I’ve got an identity for every finger on my hands. Muslim, Arab, Egyptian, American, Marylander, North African, Middle Eastern, African, Alexandrian, Upper Egyptian, and even Zamalekawy. But there is one in particular that I’d like to focus on with this post, and unless you decided not to read the title of this post, you already know what that is.
Here’s the truth. There was once a time when I didn’t even consider myself African. Growing up in America, Africa and all things that were associated with Africa, were often tied to skin color. I was not black. So in my eyes, that was all I needed to know. I was not African.
And its an odd conclusion to have come to. My family can’t trace their roots anywhere else. Neither of my parents’ families has any history, known ancestors, or cultural connection to another part of the world. As a matter of fact, I was the first person from either family to have been born outside the continent.
But I grew up in America, as an American. And right away, you learn what it means to be African and American. It means you’re black. I never had a problem with that, it however, confuse me when my family identified as African. I just never came to understand that I didn’t have to see Africa through the eyes of the Europeans. I didn’t have to see Africa from their point of view. Africa is a diverse continent with hundreds, if not thousands, of ethnic groups. Twenty-five percent of Africans aren’t black, and here’s some new information: black isn’t a race in Africa. Africans are Zulu and Wolof. Berber and Coptic. Nubian and yes, even white.
As I learned more about Africa, I loved it more and more. This beautiful homeland of my ancestors. This diverse land of natural beauty, and cultural brilliance. But as I began to embrace my African identity, I realized that my African people, had a problem embracing it.
My family is Egyptian. While my family members identify as Africans, a large number of Egyptians, along with many other North African ethnic and pan-ethnic groups, don’t. Culturally, linguistically, and physically, they had more in common with Western Asia. They identified with the Arabs, with the Turks. With India and Pakistan, more than they did with Africa. They embraced Asia, and ignored Africa. They welcome people from West Asia, particularly the Arabs, into their lands as their brothers. And they saw the darker skinned Africans as foreigners.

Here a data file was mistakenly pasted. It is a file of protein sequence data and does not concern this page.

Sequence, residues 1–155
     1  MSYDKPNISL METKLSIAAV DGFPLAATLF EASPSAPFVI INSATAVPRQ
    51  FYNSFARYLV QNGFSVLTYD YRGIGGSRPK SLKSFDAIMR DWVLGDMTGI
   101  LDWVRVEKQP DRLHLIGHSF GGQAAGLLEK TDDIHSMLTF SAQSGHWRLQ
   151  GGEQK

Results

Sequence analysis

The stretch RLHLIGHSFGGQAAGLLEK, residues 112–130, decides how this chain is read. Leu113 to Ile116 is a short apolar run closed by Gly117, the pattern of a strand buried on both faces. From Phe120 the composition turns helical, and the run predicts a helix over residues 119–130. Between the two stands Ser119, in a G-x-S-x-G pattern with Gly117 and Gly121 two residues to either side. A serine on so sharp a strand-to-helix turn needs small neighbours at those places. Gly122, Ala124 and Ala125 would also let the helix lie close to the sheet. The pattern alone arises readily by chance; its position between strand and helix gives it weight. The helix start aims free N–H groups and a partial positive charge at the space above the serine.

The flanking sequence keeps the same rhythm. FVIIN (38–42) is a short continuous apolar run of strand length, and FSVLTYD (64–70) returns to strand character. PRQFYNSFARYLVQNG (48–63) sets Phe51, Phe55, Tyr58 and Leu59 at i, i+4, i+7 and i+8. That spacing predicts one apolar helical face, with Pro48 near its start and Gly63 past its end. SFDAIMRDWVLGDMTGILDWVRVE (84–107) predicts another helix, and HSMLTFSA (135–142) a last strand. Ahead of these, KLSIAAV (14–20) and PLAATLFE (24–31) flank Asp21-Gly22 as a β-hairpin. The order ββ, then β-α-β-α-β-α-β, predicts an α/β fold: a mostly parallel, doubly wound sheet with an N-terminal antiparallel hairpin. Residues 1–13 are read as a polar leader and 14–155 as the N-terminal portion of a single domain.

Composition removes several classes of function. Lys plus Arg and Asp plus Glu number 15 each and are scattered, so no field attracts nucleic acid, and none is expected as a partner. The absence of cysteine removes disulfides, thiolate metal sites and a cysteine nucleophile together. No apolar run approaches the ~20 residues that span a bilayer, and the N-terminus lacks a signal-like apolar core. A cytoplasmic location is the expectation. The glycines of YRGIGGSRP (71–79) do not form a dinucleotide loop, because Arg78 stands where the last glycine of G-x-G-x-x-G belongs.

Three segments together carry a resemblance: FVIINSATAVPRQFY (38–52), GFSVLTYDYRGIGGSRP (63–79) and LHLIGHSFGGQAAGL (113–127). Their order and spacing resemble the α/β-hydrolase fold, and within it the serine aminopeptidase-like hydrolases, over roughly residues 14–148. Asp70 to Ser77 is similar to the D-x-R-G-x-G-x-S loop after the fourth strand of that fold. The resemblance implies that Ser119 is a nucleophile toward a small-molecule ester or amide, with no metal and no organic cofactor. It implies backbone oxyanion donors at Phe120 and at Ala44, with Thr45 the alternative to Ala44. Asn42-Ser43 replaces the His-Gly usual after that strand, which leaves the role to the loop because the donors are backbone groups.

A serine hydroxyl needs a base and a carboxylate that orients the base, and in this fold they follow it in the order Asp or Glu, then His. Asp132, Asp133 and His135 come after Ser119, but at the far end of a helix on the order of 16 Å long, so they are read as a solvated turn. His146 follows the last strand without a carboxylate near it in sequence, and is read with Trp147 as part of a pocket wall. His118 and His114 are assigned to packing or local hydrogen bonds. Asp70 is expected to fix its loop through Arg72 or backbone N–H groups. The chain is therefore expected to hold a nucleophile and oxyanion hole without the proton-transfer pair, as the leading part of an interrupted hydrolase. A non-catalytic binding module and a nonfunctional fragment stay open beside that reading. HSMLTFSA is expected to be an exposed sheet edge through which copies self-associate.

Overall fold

This way of thinking, this colonialist mentality is a problem that we have in North Africa. A problem that is causing great issues in our societies. We were separated by the Europeans. They taught us we were different, and we saw ourselves as better than others.
There is only one way to describe this.
We turned our back on our people, our brethren and our ancestors. For Europe. Our colonial masters. We wanted so badly to be like the Europeans, that we lost all that made us unique. And while this is a problem in the North, it is also a problem among many sub-Saharan (and I don’t like that term) nations as well. There have been ethnic genocides carried out in the name of European colonialism. When an ethnic group in Rwanda is told by the Europeans that they are better than their compatriots, and for them to believe this, beginning a long story of oppression that ends in genocide, what are we to do? When borders drawn by the French and the British have you all emotional that you begin to hate your brother and sister who just happened to be on the other side, how are we to move forward?
We are not Europe. We should not strive to be Europe. But we can take a good example from Europe, when there is one to be taken.
I dream of an African Union. One, unified Africa. The borders drawn on Africa’s lands are not African borders. They are European, and they are remnant of colonialism. They should not define us. Color should not define us. We are a diverse collection of tribes, speaking thousands of languages. Rich in our history and great in our traditions. I don’t believe in Nationalism, but I do believe in love. In now way will I ever be an African nationalist, but I love Africa more than I can describe. And I want us to realize that together, we are a powerful and beautiful people. That no one is better than anyone else because of some European borders, or a skin tone. That we can one day live for the same goal.
We don’t have to be like this.
We can be so much more than this.